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Men standing on the boulevard in Hastings in 1909


Hastings, Florida, was established in 1890 as an agricultural community. Known as the "Potato Capital of Florida," it thrived on potato farming and later diversified into other crops. The arrival of the railroad in 1900 boosted its economy, and today, Hastings maintains its rural charm and strong agricultural heritage while also attracting visitors with its proximity to St. Augustine.

The history of Hastings, Florida, is interwoven with the legacy of Thomas Horace Hastings, a prominent figure and distant cousin of the renowned industrialist Henry M. Flagler. In the late 1800s, as Flagler's railroad expansion reached the region, Hastings recognized the potential for growth and development. With an eye for opportunity, he purchased land and established a community that would come to bear his name. The town's roots deepened as the railroad facilitated access, fostering trade and commerce that contributed to its early prosperity.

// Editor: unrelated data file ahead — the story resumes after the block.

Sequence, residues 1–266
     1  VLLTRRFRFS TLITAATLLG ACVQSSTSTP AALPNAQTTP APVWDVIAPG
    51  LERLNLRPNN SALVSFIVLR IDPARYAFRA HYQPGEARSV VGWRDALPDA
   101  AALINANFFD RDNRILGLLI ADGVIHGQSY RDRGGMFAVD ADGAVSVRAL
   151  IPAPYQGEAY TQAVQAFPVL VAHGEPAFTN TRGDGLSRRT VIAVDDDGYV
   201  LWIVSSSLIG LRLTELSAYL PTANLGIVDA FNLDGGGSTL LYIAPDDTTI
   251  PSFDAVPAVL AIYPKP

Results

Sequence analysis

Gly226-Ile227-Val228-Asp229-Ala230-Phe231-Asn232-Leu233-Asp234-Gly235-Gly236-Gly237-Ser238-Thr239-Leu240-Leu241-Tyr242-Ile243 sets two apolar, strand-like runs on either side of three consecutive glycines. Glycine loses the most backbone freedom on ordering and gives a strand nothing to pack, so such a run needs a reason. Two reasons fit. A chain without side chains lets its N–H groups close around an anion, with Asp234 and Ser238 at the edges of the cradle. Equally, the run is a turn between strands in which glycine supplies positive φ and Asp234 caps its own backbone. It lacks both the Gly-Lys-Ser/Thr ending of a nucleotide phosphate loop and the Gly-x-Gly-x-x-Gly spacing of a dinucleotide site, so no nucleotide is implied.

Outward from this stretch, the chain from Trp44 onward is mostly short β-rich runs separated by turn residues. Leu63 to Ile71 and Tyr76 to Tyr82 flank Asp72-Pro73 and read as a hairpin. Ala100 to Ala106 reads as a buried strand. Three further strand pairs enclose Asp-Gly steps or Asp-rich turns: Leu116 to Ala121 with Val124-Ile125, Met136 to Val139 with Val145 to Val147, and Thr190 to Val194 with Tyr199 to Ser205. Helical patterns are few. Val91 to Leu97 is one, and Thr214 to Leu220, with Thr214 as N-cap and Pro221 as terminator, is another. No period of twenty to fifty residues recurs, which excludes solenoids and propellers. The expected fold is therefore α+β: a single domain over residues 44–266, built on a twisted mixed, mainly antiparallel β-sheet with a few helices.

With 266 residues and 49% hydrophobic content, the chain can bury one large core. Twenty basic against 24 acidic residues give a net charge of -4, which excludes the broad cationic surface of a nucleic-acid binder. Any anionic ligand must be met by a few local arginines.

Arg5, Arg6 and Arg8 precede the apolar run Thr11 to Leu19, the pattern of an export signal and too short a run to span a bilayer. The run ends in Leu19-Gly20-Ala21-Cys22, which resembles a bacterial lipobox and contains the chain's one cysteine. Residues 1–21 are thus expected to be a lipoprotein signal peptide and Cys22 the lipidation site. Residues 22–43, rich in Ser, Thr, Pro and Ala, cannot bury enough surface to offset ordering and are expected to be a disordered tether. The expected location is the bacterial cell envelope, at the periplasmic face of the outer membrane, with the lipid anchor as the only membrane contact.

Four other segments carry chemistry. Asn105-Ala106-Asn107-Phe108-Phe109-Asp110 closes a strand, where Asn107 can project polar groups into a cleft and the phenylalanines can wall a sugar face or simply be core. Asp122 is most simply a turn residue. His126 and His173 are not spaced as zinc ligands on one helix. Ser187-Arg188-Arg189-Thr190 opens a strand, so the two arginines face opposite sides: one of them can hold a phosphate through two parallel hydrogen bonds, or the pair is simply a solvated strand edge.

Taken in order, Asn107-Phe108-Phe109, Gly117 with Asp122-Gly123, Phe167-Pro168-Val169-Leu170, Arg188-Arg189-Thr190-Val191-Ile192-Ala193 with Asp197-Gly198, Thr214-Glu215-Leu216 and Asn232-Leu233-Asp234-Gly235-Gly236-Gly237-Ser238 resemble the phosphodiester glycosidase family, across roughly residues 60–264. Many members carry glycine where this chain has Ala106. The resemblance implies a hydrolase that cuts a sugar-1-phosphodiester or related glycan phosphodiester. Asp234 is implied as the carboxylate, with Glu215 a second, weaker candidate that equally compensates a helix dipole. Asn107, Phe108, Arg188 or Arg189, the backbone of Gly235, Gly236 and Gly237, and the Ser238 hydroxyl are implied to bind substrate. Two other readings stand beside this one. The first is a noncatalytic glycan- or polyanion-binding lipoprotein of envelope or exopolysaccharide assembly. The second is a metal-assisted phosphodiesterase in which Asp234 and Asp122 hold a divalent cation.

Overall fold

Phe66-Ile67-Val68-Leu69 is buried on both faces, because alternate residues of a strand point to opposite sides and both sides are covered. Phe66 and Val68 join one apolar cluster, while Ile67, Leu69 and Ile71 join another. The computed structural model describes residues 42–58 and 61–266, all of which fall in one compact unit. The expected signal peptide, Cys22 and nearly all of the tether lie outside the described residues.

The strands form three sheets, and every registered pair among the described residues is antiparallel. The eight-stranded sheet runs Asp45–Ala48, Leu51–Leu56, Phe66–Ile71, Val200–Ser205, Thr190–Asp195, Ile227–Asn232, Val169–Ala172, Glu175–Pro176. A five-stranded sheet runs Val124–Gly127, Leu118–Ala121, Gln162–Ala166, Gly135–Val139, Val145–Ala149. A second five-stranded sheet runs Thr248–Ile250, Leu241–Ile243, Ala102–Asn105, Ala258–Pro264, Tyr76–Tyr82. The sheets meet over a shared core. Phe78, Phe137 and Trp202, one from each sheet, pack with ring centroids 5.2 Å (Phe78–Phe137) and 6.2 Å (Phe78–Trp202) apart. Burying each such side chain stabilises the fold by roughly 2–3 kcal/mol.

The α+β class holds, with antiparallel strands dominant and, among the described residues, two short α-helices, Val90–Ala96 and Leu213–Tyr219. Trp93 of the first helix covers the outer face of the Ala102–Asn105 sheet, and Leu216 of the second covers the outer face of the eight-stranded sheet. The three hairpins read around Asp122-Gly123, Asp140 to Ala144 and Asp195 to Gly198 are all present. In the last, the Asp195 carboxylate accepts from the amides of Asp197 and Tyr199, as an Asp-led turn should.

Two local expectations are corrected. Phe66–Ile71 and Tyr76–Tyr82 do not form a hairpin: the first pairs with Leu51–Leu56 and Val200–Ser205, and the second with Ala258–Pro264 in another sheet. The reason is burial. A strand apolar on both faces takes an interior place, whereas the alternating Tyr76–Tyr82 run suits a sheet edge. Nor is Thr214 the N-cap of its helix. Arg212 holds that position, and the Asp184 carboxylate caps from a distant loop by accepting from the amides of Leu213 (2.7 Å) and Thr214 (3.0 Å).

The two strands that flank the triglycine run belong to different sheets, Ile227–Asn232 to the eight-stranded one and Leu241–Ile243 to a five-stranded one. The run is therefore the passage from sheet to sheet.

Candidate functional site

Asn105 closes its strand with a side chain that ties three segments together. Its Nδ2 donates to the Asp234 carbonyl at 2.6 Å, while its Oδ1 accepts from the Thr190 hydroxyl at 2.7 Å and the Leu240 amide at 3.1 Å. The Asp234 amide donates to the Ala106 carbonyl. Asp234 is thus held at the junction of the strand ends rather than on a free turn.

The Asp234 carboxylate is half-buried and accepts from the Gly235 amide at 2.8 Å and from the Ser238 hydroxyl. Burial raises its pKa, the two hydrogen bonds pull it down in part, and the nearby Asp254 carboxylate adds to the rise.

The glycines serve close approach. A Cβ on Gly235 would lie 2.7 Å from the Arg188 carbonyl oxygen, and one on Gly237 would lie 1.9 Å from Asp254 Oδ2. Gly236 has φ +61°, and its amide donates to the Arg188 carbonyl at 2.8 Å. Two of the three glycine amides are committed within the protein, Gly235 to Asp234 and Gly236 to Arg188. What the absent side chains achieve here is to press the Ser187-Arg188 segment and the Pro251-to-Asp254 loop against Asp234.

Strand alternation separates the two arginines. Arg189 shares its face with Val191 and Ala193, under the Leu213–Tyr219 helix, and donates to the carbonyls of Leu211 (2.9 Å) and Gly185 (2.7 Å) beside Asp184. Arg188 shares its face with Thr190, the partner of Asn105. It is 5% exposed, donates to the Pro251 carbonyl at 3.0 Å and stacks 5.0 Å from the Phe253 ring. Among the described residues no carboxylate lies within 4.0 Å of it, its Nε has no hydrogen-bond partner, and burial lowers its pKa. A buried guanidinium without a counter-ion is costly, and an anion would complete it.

Thomas Horace Hastings' influence extended beyond the town's foundation. He became an advocate for agricultural advancement, promoting crop diversification and experimentation with new farming techniques. His efforts led to the establishment of the Florida East Coast Experimental Farm in Hastings, which aimed to enhance agricultural productivity and elevate the region's economic prospects. Today, Hastings' history echoes through its streets and landmarks, honoring the legacy of a visionary who, inspired by Henry M. Flagler's ambitions, played a pivotal role in shaping the town's identity and development.


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